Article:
In each case, he did the work. He looked at the careers of chefs he considers role models and figured out the path that would get him to where he wants to be at 45. Then we talked about some of the decisions he’s making now: How instrumental is an undergraduate college degree to being where you want to be at 45? Not that instrumental. How instrumental is culinary degree? That’s tricky. Some chefs have it; some chefs don’t.

By asking these questions, he got a sense of what his career path needs to look like and the moves he needs to make now in the context of his larger career game.

Not everyone’s career proceeds on a smooth trajectory. Careers can take unexpected twists and turns. How does game theory take into account career setbacks, or does it?

I’d argue that the better you plan, the fewer setbacks you ought to encounter. I don’t think you’re worse off because you had a plan. In fact, I think the work you’ve done to develop the plan ought to make you more aware of all of your options. If someone’s career is a cork floating down a river, and all of a sudden their path gets blocked, they don’t know what to do. But if someone has planned, when an option gets blocked, they have the ability to quickly switch gears and consider their other options.

People who apply game theory to their careers make better decisions in the first place and are better equipped to deal with disruptions along the way.

Can applying game theory to career management help a person avoid getting caught in a layoff?

The game theory approach is about helping you understand your competitive advantage as an employee—what do you have, and what do you offer that others don’t? That is a much more useful thing to know if you want to try to avoid downsizing [than what you like and where you fit]. You can find ways to tell the story about what it is you offer the company that others don’t. Just as that helps you interview for a job, it ought to help you hang onto a job. And, if you do the analysis and you find you have no competitive advantage and your labor is a commodity, then that ought to suggest that it’s time to make some investments in yourself.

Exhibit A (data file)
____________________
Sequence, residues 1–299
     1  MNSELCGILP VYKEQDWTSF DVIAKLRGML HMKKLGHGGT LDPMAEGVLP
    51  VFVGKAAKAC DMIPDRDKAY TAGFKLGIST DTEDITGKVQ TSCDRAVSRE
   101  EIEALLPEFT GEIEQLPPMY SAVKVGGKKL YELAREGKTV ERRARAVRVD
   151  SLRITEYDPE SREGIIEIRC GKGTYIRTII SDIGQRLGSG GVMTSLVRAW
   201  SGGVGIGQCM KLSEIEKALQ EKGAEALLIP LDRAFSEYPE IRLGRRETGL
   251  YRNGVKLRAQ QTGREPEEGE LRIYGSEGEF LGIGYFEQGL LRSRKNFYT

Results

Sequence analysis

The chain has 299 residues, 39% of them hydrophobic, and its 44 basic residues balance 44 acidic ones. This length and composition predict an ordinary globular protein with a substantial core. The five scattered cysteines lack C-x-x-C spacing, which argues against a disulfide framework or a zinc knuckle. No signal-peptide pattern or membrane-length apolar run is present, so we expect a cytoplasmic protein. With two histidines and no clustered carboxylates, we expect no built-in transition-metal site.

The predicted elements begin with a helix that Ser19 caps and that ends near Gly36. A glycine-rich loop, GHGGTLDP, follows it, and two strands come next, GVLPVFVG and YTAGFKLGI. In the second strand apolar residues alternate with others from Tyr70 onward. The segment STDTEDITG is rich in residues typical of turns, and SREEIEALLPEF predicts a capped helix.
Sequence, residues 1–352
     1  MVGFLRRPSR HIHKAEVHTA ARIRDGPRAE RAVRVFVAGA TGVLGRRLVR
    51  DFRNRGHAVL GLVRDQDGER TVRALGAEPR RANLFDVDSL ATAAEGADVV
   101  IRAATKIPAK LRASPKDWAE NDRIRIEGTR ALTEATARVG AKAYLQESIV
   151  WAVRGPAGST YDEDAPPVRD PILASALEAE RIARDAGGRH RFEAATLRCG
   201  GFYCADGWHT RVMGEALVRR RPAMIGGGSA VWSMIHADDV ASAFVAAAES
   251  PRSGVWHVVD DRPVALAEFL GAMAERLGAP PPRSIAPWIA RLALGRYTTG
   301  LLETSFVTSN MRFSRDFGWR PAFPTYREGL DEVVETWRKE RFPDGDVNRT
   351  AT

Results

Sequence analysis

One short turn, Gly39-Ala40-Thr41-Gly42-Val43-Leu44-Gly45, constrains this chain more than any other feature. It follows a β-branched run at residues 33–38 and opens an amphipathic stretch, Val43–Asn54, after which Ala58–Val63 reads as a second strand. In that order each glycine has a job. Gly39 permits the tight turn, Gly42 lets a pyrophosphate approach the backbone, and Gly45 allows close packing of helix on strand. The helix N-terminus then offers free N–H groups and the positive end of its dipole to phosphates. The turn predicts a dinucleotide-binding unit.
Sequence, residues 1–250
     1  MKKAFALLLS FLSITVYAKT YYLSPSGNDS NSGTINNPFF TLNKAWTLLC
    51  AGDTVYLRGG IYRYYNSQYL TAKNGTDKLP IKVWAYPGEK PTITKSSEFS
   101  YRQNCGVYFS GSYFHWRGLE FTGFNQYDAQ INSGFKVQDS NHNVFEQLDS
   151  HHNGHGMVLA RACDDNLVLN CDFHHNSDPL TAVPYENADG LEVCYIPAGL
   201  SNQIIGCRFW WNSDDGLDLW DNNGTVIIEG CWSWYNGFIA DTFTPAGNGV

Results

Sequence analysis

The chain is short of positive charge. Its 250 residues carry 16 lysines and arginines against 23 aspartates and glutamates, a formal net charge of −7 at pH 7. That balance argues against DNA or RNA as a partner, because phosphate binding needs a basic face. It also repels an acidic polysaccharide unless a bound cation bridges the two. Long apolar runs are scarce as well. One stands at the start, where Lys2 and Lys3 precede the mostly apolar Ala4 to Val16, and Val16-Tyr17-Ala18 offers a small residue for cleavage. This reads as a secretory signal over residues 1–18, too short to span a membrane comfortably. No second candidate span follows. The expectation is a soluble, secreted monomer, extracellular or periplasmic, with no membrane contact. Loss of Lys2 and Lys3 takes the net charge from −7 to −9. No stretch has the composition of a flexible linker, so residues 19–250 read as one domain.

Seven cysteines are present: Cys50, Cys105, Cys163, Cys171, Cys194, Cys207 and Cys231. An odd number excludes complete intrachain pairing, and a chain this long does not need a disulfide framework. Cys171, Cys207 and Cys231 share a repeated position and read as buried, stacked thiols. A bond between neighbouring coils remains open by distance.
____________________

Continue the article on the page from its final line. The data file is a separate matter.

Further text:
How does applying game theory give job seekers an edge in today’s job market?

Just as you can use this game theory approach to shape the way you think about your career, you can also use it to understand what other people are looking for. When a company is looking to make a hire, they’re looking for someone who can help them win in the marketplace. Game theory can help you convince that hiring company that you understand better than all the other folks competing for the job how to help them win.

Follow Meridith Levinson on Twitter at @meridith.